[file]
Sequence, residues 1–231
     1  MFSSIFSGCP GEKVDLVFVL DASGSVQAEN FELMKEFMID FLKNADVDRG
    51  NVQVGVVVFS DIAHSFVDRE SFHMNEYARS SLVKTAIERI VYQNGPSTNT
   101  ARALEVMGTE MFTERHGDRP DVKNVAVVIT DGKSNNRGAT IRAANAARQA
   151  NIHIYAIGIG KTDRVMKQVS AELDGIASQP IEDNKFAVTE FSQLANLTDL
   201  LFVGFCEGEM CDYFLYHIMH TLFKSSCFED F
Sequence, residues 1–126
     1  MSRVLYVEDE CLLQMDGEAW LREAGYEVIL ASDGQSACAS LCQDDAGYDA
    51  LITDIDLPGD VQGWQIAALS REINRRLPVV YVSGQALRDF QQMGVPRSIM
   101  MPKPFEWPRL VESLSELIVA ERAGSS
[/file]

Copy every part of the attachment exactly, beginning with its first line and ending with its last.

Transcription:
Sequence, residues 1–231
     1  MFSSIFSGCP GEKVDLVFVL DASGSVQAEN FELMKEFMID FLKNADVDRG
    51  NVQVGVVVFS DIAHSFVDRE SFHMNEYARS SLVKTAIERI VYQNGPSTNT
   101  ARALEVMGTE MFTERHGDRP DVKNVAVVIT DGKSNNRGAT IRAANAARQA
   151  NIHIYAIGIG KTDRVMKQVS AELDGIASQP IEDNKFAVTE FSQLANLTDL
   201  LFVGFCEGEM CDYFLYHIMH TLFKSSCFED F
Sequence, residues 1–126
     1  MSRVLYVEDE CLLQMDGEAW LREAGYEVIL ASDGQSACAS LCQDDAGYDA
    51  LITDIDLPGD VQGWQIAALS REINRRLPVV YVSGQALRDF QQMGVPRSIM
   101  MPKPFEWPRL VESLSELIVA ERAGSS